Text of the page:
Innovation design engineering graduates from Imperial College London and the Royal College of Art have won this year’s UK James Dyson Award for the design of an at-home breast health monitoring tool.
Debra Babalola and Shefali Bohra graduated from their master’s degree this year. The idea came during a group project on the course. Dotplot is designed to help women stick to a regular breast self-check routine so that signs of breast cancer can be detected earlier.
Cutting through the noise
Early research carried out by the team revealed that “guidance is very varied and limited,” according to Babalola. She explains that Dotplot seeks to “address the confusion and misconception around breast self-checks” and provide women with “guidance and clarity”.
As well as this, they found that there are no at-home devices that can currently be used to perform the checks, which is another gap they wanted to fill. “Conversations that we had with women suggested that they only felt confident when checked by a GP,” says Babalola. Another aim for the tool is that it will reduce the number of GP visits and give women “more control over their breast health”, she adds.
Doing the groundwork
Starting with interviewing women on and off campus, the team’s initial agenda was to “understand how, when, and how frequently they do breast self-checks”, as well as understanding which regions they were checking, says Bohra. Their research uncovered the fact that most women did not really understand which regions they should be checking and were not checking themselves regularly enough.
Next steps included working out “how women want to engage with their self-checks” and sourcing “available technologies that [they] could use and optimise”, Bohra explains. She adds that some of the most vital information came from “conversations with healthcare professionals” from across the globe.
“Breasts are so complex and change every single day of your period cycle so we had to pin down what would be the optimal time period to perform breast checks based on the menstrual cycle,” says Bohra.
How it works
Dotplot is combination of a handheld device and an interactive app. The device connects to the app, which then guides the user through an “onboarding process”, according to Babalola. This includes inputting health information, details of your period cycle – if applicable – and taking information on bra size and breast shape. The latter two are taken to rescale the image on screen, providing users with “a personalised map of their torso”, says Babalola.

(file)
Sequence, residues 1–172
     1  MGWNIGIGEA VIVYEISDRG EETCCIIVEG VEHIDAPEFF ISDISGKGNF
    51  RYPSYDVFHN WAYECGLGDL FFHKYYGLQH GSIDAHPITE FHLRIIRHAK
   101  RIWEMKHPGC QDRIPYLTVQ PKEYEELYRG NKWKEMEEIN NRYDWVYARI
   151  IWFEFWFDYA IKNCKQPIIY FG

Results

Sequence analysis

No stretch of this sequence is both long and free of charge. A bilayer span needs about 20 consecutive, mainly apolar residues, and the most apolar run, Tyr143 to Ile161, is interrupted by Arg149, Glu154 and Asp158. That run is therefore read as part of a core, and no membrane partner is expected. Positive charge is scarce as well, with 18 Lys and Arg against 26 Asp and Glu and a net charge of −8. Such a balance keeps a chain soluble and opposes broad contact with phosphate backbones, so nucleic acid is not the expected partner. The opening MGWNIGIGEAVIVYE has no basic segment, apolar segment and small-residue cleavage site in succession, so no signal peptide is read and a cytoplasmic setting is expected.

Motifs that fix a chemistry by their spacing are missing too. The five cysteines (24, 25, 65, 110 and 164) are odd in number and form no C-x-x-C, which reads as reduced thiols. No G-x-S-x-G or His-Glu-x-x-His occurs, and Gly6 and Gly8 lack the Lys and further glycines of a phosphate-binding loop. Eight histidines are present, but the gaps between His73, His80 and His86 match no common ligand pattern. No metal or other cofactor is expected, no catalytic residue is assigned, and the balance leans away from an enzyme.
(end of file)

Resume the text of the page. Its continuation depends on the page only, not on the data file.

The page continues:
The app then uses this map to guide the user through the checking process, “flashing on certain points until they have been scanned, moving across the collarbone, breast and rib cage area until all regions have been covered”, Babalola explains. She adds that it works “similarly to an ultrasound” by using sound waves to take readings and can detect lumps up to 15mm deep in the tissue and as small as 6mm in diameter.
Once data is collected, it compares readings over a period of a few months, highlighting any changes to the user. Bohra says that Dotplot is purely a “flagging device” and won’t do any diagnosis. It tells the user when they should visit the GP.
Babalola adds, “We don’t want it to be an app that you just come to once a month. We want people to engage with it more frequently.” To encourage this, the app will also act as an “educational platform” and inform users of other symptoms linked to breast cancer, she says.
Babalola and Bohra estimate that the device itself will cost around £100-£140 per device, “depending how sensors are precured and how it is assembled”. They also confirmed plans to have a working prototype of the app by next year.
Dotplot’s next steps
In addition to the £5000 prize money, the team will also be “raising more funds to cover the cost of product development and recruiting new team members who specialise in electrical engineering, app development and data science is what’s next,” says Babalola. This is all part of the journey towards clinical trials next year.
Bohra adds that “engaging with more customer segments” to make Dotplot accessible to as wide an audience as possible is also part of plans. The team have now categorised their research groups into women who are maybe in their early 20s and are less concerned, and people who are more susceptible to breast cancer perhaps due to their medical history. “We want to ask them what they want Dotplot to be and then work out how we can tailor it to different people,” says Bohra.
The team will also work towards “eliminating false negatives” and solidifying the comparison period. It is possible that, much further into the future, the technology could also be applied to monitoring other tissues, like testicular cancer and soft tissue sarcoma.